Travellers’ fears about wealth have overtaken fears about health, according to new research by Tourism Australia.
Phillipa Harrison, managing director Tourism Australia, believes
there is a “very clear shift” taking place in the minds of travellers
around the world.
“Priorities are shifting very clearly from health concerns about the
pandemic, to wealth concerns, things like the cost of living, fuel and
energy costs, and interest rates.”
Harrison said while financial barriers were overtaking Covid barriers
when people were considering travel to Australia, “in some ways, we're
back in familiar territory, and we know how to deal with this.
“And that's quite a stark contrast from the last couple of years when
it feels like we've been reacting to all the things that kept coming at
us as an industry, and in our everyday lives.”
Harrison speaking at an industry webinar, said although many
challenges to travel were ongoing - most evidently the lack of airline
capacity - “there’s some good news in that we're seeing consumer
behaviour stabilising. It is becoming more predictable”.
“And while demand is still down versus 2019, planning for the
immediate term and predicting future growth feels like it's more back to
what we know.”
The challenge for Australia, Harrison said, is that outbound travel
was still outpacing inbound and short-haul travel was winning out over
“We're seeing a big global trend with travellers staying a little bit closer to home.”
Harrison said the trend to shorter haul travel was producing “quite extraordinary results” for Australia from South-east Asia.
“Singapore is currently sitting at 163% of 2019 bookings. And this is
down from an extraordinary high of 226% in April. Malaysia is also in
positive territory with a 10% increase on 2019.”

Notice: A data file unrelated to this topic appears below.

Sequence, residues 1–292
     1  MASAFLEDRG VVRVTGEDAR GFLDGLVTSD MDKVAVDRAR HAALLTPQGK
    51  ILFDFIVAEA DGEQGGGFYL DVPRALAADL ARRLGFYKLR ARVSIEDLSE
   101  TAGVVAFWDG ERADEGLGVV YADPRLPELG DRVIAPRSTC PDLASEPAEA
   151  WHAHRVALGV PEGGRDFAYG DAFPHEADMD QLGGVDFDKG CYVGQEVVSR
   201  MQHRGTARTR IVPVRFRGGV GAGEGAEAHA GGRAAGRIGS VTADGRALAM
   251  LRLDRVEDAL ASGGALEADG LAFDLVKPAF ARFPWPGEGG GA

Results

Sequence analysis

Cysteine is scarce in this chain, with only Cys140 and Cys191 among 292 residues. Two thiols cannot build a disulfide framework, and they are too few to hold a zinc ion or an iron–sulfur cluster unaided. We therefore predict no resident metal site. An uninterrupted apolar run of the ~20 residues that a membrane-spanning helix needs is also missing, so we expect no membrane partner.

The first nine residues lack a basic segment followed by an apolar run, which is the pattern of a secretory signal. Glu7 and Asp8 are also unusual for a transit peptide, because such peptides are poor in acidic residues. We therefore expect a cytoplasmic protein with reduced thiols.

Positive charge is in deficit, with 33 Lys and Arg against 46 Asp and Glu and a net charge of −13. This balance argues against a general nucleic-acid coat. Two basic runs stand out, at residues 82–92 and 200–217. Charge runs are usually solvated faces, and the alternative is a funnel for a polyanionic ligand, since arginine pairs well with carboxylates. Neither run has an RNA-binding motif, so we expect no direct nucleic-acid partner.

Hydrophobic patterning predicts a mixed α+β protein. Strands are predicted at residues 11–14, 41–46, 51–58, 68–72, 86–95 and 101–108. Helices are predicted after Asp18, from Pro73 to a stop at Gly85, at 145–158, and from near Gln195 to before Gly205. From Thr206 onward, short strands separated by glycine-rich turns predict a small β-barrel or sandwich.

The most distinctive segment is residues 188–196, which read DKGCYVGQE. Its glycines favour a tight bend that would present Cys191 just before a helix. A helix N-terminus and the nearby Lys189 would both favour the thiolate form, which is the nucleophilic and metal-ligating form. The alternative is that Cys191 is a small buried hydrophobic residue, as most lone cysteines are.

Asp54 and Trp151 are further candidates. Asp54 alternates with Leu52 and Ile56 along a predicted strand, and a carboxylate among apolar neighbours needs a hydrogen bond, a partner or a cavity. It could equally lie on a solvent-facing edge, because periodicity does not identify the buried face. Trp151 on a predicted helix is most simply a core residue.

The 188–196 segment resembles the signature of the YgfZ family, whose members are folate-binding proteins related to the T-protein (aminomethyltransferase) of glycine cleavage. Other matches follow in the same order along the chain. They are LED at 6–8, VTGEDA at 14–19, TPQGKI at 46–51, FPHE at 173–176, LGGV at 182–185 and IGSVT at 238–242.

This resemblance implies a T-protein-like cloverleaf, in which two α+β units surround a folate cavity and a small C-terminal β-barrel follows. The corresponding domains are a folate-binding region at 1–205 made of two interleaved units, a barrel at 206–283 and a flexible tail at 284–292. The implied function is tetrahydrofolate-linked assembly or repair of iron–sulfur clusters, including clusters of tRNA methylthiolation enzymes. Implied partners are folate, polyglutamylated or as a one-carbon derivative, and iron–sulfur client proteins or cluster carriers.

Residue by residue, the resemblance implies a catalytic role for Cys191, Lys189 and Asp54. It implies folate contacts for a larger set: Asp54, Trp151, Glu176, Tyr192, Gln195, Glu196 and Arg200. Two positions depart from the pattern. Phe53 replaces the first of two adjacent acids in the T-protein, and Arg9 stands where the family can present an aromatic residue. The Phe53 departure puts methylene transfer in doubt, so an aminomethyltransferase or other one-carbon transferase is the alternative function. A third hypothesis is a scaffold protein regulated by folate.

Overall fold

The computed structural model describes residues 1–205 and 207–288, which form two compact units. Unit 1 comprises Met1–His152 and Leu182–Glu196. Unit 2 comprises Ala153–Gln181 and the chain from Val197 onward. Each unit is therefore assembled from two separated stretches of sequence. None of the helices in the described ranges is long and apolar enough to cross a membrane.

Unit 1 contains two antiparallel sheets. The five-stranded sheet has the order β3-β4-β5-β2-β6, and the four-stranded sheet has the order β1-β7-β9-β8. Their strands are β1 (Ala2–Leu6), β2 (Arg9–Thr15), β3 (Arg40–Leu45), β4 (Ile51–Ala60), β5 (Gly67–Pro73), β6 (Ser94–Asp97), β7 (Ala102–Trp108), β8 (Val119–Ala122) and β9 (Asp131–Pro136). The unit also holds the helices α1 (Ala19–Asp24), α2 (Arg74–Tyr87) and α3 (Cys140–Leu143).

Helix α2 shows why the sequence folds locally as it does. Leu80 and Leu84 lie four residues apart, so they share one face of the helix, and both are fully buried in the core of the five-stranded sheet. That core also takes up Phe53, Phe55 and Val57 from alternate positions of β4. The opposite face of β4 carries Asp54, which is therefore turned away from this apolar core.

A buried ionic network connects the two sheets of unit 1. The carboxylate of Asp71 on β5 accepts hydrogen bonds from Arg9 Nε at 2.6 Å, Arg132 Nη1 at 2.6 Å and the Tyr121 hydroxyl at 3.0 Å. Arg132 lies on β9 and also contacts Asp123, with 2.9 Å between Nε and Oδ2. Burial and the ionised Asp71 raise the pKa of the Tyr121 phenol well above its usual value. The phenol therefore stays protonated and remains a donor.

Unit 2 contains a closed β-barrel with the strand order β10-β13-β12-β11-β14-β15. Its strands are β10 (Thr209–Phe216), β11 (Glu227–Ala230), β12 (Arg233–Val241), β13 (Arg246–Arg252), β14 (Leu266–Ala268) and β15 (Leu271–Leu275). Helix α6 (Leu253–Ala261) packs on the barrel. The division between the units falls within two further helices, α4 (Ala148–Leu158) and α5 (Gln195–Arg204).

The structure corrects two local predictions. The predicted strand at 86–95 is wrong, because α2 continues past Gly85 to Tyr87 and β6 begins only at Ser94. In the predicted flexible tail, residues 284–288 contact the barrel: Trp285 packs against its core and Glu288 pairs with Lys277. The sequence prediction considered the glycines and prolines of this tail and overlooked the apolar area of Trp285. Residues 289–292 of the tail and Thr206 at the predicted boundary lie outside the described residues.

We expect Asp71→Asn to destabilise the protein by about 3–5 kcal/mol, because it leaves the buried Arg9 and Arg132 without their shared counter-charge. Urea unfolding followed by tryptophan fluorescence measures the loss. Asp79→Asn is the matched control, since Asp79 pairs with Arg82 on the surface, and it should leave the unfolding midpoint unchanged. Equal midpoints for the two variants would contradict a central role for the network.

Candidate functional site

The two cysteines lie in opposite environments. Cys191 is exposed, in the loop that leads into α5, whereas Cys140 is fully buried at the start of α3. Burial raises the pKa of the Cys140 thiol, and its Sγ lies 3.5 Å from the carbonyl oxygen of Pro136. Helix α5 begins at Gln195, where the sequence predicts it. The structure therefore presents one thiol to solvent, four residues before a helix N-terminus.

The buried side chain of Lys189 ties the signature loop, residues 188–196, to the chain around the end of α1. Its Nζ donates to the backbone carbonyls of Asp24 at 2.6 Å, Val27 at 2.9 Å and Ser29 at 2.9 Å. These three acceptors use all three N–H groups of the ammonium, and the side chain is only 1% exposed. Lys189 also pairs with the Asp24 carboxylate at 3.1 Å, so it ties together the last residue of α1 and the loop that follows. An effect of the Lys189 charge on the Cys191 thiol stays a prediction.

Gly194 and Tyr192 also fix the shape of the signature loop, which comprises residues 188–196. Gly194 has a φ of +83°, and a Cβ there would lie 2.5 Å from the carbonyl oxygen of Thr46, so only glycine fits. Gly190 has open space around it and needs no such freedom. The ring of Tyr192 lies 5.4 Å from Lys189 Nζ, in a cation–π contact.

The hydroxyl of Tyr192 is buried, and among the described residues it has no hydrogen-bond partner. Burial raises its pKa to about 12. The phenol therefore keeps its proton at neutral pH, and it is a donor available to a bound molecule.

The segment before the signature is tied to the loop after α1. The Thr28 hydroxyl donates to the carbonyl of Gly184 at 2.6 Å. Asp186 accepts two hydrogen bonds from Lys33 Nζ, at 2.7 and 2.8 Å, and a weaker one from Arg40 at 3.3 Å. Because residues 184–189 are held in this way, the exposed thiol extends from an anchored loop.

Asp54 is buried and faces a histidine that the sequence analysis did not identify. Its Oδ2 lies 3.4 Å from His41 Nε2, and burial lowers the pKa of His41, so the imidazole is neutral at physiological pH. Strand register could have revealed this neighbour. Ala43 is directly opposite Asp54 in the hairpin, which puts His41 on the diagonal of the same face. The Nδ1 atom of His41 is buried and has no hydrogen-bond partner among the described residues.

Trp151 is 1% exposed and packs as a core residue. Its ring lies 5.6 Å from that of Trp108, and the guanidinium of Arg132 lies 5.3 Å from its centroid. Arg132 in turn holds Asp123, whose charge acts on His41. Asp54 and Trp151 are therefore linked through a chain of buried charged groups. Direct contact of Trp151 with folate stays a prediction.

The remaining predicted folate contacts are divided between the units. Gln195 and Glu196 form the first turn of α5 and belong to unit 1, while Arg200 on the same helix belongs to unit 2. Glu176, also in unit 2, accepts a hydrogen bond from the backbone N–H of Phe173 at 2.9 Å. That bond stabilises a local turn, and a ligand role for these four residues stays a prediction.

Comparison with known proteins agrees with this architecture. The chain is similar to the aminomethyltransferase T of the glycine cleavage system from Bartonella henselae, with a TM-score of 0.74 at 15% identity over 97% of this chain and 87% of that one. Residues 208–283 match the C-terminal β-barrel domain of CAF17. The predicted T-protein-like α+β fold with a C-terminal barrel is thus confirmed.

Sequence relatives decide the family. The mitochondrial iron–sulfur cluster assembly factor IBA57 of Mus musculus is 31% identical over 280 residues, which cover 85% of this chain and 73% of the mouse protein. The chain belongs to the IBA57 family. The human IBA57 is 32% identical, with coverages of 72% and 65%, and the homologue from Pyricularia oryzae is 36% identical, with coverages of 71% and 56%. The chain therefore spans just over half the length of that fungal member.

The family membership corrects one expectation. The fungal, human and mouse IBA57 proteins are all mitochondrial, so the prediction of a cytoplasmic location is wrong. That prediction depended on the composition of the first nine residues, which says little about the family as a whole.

Harrison’s comments coincided with new search data from Agoda showing
the number of international travellers looking for an Australian
getaway has increased by 300% in the past six months.
According to Agoda, Singapore and the US are still strong origin
markets, but South Korea, Thailand, Indonesia and Malaysia have emerged
as “hot” new markets for Australia.
Agoda’s Oceania director, Zsuzsanna Janos, said, it was vital for
Australian hotel owners to tap into these markets, while recognising the
need to deliver value at a time when global inflation and the cost of
living are rising.
“Not all Asian markets are the same. And we are seeing differences in
how they search and book their holidays, and what they are seeking when
they come to Australia,” Janos said.
“For example, travellers from South Korea, Thailand and Malaysia are
looking for more than just a hotel – they want to experience local
culture, food, wine, nature and wildlife, and engage in activities that
allow them to get more from their trip.
“And if they can make savings on their hotel costs through special
rates and incentive programmes, at this time when the global economy is
challenging, we are finding it's often the catalyst for them to confirm a